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U.S. Imposes Sanctions on Eritrean Army Chief Over War Crimes in Ethiopia

U.S. Imposes Sanctions on Eritrean Army Chief Over War Crimes in Ethiopia

The United States imposed sanctions on Monday on Eritrea’s army chief over human rights abuses in Ethiopia’s war-scarred Tigray region.

The move by the US Treasury Department against General Filipos Woldeyohannes, chief of staff of the Eritrean Defense Forces (EDF), comes amid reports Eritrea has deployed reinforcements to parts of Tigray as fighting escalates.

Forces under Filipos’ command are responsible for “massacres, looting, and sexual assaults,” the Treasury Department said in a statement.

EDF troops have raped, tortured, and executed civilians; they have also destroyed property and ransacked businesses,” it said.

“The EDF have purposely shot civilians in the street and carried out systematic house-to-house searches, executing men and boys, and have forcibly evicted Tigrayan families from their residences and taken over their houses and property.”

Eritrea angrily rejected what it called “utterly baseless allegations and blackmail.”

“This is not, indeed, the first time for the US Administration to float such baseless smear campaigns against Eritrea,” the foreign ministry said. “In the circumstances, Eritrea calls on the US Administration to bring the case to an independent adjudication if it indeed has facts to prove its false allegations.”

The Treasury Department said any property or interests of Filipos in the United States would be frozen and US citizens are barred from conducting any business with him.

US Secretary of State Antony Blinken issued a statement saying the United States “condemns in the strongest terms human rights violations and abuses in Ethiopia, including those involving the killings, forced removals, and systemic sexual violence.”

Blinken called on the Eritrean government to “withdraw its military forces immediately and permanently from Ethiopia.”

“At the same time, the United States continues to urge all parties to the conflict, including the Tigray People’s Liberation Front (TPLF), to end abuses against civilians, take steps to de-escalate the conflict, allow for unimpeded humanitarian access, and commit to a negotiated ceasefire,” he said.

– Eritrean reinforcements –

Blinken expressed concern that large numbers of EDF have re-entered Ethiopia after withdrawing in June.

He called on the UN Security Council and members of the international community to “come together to push for a peaceful resolution of this ongoing conflict.”

Ethiopian Prime Minister Abiy Ahmed sent troops into Tigray last November to topple the regional ruling party, the TPLF.

The 2019 Nobel Peace Prize winner said the move came in response to TPLF attacks on federal army camps.

For months, the Ethiopian and Eritrean governments denied Eritreans were involved in the fighting, contradicting testimony from residents, rights groups, aid workers, diplomats and even some Ethiopian civilian and military officials.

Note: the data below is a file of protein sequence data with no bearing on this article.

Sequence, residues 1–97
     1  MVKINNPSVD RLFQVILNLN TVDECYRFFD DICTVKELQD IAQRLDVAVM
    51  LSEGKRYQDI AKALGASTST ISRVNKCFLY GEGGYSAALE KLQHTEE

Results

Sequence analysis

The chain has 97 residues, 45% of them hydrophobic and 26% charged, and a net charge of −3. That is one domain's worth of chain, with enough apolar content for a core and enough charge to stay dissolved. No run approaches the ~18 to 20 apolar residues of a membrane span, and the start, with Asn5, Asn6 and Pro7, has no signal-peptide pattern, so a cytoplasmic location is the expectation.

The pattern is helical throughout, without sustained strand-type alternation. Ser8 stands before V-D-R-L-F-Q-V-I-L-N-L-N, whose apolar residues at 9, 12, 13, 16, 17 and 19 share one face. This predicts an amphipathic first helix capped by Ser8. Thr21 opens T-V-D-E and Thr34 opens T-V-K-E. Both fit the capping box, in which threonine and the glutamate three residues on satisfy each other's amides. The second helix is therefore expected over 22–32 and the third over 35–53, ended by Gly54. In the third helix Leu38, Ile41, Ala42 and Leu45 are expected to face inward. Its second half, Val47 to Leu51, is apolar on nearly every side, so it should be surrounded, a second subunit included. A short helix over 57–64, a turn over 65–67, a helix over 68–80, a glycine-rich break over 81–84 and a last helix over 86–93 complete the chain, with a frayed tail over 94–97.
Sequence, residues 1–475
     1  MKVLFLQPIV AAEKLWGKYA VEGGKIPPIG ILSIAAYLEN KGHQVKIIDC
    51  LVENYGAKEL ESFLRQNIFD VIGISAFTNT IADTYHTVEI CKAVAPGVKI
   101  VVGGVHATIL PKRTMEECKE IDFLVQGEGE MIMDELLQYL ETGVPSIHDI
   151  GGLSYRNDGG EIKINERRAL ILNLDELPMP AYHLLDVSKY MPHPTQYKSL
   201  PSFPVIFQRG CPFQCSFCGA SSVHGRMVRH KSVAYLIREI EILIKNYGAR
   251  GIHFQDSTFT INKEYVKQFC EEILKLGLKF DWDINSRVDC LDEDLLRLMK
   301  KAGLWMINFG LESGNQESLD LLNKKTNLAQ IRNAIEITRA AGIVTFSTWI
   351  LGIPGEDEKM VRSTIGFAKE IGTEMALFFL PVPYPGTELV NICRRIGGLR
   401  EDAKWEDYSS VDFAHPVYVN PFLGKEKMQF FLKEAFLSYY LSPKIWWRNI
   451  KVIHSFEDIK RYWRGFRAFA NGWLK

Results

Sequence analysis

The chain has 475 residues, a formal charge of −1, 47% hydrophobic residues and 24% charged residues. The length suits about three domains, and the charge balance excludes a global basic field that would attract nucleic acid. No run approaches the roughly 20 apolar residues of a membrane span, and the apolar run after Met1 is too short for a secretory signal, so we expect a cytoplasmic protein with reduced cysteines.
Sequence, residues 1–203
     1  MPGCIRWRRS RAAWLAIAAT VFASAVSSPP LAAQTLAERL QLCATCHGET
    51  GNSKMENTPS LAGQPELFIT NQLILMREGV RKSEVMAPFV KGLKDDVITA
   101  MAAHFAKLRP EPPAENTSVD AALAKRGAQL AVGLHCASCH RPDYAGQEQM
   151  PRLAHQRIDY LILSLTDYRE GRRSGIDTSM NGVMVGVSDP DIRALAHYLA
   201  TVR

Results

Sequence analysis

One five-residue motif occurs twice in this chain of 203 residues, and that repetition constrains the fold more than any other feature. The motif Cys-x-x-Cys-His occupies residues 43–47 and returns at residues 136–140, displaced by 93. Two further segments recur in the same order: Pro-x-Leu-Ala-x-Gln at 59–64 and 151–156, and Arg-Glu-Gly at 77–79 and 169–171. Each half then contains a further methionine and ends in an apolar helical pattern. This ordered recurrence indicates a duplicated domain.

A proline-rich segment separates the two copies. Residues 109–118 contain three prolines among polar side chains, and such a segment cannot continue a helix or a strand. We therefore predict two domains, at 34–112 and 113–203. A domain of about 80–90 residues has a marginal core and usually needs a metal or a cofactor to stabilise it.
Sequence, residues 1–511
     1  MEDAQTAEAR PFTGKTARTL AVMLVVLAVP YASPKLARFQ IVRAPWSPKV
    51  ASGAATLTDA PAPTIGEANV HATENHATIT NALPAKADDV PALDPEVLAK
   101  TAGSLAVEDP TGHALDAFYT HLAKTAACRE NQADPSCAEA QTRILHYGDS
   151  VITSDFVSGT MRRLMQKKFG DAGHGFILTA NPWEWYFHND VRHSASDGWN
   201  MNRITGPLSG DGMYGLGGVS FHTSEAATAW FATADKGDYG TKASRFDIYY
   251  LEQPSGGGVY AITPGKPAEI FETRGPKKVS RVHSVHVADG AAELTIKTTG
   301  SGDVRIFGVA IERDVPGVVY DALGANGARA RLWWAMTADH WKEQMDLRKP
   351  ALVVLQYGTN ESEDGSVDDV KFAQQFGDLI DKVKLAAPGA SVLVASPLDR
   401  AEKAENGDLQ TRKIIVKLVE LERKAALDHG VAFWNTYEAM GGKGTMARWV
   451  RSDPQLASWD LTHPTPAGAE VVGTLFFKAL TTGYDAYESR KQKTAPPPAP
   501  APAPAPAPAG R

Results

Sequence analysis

Abiy finally acknowledged the Eritreans’ presence in March while speaking to lawmakers, and vowed soon after that they would leave.

Eritrea itself vowed to pull out of the region in April, but that never fully happened.

The war took a stunning turn in June after pro-TPLF forces — which were driven out of Tigray’s cities and towns last November — retook the regional capital Mekele.

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The TPLF then launched an offensive into neighbouring Amhara and Afar regions and vowed to reclaim western and southern Tigray, which were occupied by Amhara forces in the war’s early stages.

– Famine-like conditions –

An internal European Union document dated August 20 and seen by AFP said Eritrean troops were “present in Western Tigray, where they have taken up defensive positions with tanks and artillery around Adi Goshu and Humera, and possibly also along the border with Sudan.”

The document also cited reports that Eritrea had sent reinforcements to western Tigray in the past days while continuing to occupy a strip of territory in northern Tigray.

The conflict in northern Ethiopia has killed thousands and pushed hundreds of thousands of people into famine-like conditions, according to the UN.

Tigray’s pre-war government voiced alarm Monday about the plight of refugees in the region, saying only 10 percent of Internally Displaced Persons in Shire, Adwa, Mekelle, Aksum and Adigrat had access to healthcare or water.

The situation is exacerbated by the ongoing rainy season and the potential spread of cholera and other diseases.

US aid chief Samantha Power last week accused Ethiopia of blocking humanitarian access to the region, a claim Abiy’s spokeswoman denied.

The Treasury Department statement on Monday echoed Power’s allegation while citing a call this month from Abiy for all capable Ethiopians to mobilise in support of the war effort including by joining the armed forces.

“These escalatory actions risk furthering a severe humanitarian crisis,” it said.

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